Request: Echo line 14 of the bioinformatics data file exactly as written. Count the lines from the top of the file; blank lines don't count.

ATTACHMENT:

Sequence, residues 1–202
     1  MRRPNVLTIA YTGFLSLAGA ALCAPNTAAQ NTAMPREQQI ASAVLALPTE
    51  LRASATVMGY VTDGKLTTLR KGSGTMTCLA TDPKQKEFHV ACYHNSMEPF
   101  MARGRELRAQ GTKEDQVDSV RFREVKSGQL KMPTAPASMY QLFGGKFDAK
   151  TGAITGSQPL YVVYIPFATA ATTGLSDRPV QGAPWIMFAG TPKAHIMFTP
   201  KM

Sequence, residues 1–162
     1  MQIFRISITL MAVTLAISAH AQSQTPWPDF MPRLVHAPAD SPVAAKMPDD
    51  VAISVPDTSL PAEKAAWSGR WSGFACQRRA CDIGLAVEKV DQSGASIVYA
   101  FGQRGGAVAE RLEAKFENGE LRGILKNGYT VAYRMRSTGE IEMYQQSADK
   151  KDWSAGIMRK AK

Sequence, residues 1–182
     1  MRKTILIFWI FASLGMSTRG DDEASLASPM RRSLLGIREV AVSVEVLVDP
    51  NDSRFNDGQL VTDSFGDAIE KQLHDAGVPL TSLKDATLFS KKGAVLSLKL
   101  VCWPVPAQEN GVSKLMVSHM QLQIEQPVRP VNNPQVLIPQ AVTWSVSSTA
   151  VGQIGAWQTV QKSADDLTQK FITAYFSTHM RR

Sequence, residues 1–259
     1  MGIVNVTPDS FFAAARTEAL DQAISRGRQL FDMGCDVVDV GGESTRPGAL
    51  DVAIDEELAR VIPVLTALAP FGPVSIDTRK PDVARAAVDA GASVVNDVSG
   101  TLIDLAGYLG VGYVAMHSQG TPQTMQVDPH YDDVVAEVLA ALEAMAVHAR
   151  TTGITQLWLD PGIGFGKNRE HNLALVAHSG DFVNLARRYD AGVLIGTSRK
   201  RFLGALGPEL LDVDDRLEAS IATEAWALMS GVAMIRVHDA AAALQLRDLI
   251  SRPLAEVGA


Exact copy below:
    51  NDSRFNDGQL VTDSFGDAIE KQLHDAGVPL TSLKDATLFS KKGAVLSLKL